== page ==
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Accepting responsibility and taking a positive position

Sustainability has established itself as a long-term trend, also outside of the global warming debate. There are several reasons for this. An example is the quality of the air in major Chinese cities, which demonstrates to impressive effect how an economy that focuses so heavily on resource consumption jeopardises its own long-term development potential. The flip side of the coin is represented by regions that pursue a more cautious environment policy, like Northern Europe, Canada, or Switzerland. These countries rank high not only in matters of quality of life. Compared to less sustainable neighbouring regions, they also experience better economic development, not least because they are attractive places for highly-qualified people to live due to their intact environment.

It also has been discovered in recent years that sustainable business is also worthwhile for individual businesses in several ways. Exercising care in the use of resources and the deployment of new, low-consumption technologies not only reduces energy and raw material costs. On the whole, they result in more efficient processes within the business, for example by reducing travel with the more restrained use of local resources and enabling storage to be optimised. The development of unproductive reserve ICT capacity can be minimised by switching to modern cloud technologies. The sharing economy expands this principle of resource sharing to personal tools like the car.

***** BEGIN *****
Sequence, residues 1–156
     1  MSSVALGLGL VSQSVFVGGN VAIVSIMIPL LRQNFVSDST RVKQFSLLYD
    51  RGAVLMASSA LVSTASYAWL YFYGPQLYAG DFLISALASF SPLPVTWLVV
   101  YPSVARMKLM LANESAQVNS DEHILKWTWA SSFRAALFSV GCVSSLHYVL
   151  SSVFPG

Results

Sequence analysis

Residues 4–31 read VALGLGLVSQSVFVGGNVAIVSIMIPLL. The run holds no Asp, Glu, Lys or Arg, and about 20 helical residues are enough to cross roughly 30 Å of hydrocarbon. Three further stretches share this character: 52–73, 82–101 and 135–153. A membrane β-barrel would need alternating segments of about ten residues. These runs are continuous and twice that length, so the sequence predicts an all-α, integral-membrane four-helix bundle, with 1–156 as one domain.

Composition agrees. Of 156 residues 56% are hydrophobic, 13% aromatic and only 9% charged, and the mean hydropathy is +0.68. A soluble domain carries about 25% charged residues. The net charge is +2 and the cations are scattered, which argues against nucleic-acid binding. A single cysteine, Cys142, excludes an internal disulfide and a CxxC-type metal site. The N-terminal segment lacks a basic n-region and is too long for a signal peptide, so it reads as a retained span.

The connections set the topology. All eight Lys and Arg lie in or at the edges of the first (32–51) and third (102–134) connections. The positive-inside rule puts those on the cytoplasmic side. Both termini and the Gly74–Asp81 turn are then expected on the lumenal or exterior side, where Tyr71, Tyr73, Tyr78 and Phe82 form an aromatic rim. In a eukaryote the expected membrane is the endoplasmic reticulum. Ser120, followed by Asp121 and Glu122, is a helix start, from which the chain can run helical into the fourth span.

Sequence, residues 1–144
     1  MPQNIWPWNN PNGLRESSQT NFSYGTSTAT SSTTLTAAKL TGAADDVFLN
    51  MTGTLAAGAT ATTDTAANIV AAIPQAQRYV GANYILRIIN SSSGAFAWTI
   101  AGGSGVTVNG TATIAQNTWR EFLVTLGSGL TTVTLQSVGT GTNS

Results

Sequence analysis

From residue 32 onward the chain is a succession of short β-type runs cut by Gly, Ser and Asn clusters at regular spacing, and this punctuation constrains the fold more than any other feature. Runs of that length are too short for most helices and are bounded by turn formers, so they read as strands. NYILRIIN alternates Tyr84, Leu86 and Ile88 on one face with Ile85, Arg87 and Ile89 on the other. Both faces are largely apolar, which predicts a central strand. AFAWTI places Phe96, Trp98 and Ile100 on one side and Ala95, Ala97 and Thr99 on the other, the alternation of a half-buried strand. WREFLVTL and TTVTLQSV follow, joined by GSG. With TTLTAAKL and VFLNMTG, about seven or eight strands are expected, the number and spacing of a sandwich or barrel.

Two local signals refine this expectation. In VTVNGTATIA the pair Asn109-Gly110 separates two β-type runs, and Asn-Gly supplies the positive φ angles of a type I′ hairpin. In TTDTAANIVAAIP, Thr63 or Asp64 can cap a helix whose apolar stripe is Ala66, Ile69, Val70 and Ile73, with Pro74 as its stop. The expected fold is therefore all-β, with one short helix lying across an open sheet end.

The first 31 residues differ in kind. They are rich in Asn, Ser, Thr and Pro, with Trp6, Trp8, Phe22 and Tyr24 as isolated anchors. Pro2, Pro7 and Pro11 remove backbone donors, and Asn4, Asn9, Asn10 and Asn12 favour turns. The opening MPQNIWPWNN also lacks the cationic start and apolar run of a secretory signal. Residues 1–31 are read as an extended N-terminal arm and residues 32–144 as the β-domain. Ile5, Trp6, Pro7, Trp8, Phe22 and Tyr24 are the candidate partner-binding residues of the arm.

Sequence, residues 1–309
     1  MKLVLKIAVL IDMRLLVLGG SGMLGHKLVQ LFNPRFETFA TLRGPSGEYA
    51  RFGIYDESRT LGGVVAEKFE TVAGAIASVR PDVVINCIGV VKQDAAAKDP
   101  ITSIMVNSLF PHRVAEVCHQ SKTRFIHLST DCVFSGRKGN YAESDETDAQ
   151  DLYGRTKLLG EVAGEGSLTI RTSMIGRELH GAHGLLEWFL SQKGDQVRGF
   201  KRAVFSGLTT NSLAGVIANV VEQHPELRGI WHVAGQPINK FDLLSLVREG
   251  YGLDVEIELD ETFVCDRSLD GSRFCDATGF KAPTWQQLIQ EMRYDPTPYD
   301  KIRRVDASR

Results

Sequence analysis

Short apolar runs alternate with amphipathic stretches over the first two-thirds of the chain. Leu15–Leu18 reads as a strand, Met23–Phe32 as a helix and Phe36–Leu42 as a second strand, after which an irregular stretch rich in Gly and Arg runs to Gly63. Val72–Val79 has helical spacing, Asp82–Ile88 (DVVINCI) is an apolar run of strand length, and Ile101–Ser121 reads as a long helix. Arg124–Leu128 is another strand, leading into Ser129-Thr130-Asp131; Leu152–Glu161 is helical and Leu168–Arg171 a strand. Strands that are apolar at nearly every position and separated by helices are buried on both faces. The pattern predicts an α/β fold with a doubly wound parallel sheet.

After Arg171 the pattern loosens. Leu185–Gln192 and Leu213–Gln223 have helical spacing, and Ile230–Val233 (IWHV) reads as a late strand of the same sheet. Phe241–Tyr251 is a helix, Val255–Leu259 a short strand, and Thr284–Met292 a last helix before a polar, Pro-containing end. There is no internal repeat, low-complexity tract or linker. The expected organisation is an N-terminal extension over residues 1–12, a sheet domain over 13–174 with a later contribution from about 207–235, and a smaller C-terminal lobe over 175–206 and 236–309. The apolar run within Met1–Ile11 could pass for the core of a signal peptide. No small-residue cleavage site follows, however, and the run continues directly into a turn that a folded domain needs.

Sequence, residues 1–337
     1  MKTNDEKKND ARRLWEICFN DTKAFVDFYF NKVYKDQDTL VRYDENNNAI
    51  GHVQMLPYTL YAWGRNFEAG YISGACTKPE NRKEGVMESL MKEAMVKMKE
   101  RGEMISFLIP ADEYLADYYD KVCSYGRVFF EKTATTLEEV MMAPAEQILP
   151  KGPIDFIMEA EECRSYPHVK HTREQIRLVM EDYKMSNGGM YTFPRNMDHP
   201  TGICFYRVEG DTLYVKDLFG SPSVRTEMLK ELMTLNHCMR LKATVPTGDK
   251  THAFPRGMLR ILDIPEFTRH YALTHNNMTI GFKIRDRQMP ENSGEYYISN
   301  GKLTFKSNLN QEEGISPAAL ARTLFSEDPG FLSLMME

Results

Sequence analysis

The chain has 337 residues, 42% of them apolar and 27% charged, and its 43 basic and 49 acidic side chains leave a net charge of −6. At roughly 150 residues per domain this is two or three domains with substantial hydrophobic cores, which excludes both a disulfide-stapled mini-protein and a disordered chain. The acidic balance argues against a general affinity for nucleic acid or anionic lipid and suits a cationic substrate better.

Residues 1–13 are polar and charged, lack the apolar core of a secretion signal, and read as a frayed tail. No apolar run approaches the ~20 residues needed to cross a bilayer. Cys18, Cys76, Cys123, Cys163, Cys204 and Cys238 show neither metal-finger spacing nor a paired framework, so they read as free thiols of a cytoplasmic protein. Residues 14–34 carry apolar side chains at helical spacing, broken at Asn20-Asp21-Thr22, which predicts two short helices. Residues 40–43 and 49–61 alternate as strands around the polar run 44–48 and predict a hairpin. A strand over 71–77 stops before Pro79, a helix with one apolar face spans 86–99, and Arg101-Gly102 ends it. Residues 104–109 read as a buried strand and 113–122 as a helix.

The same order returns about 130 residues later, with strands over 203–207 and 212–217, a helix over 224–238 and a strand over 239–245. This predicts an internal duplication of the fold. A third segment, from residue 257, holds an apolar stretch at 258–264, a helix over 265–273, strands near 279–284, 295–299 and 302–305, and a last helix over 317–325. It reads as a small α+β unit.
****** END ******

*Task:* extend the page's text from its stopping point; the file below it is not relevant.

This makes sustainability a driving force for ongoing optimisation and innovation.

Added to this are positive effects on revenues, because each purchase decision includes an emotional element. Products and services that convey a positive feeling can be positioned in a higher-class segment and achieve better customer loyalty.

Especially among the young generation, sustainability is increasingly becoming a critical sales and recruitment argument. "Digital natives" are adverse to the idea of ruining their and their children's future. They sense a strong need, both in how they work and how they consume, to do something good. Interestingly, surveys have shown that this is not only the case in cities in the developed world, but that this also reflects the wishes and needs of the young generation in the emerging markets of Asia and South America.

The latest developments in communications are intensifying this. Social platforms like Facebook, Twitter, LinkedIn and Xing are used not only to exchange ideas and thoughts but also especially to maintain a person's own image. It's better to not have a bad reputation on these platforms. Friendships and connections with individual persons, organisations and businesses are held in high esteem, however, and these have a positive effect on a person's own standing.

Added to these more or less directly quantifiable factors are the indirect effects of a positive attitude of any given employee towards the company. Sustainability provides – from the simple employee to the CEO – a firm personal sense of attachment that generates commitment beyond the average.

Which challenges do you face with Sustainability?

Your personal contact:

Ms Bigna Salzmann

Corporate Responsibility Manager

Direct telephone number:

+41 58 225 88 70

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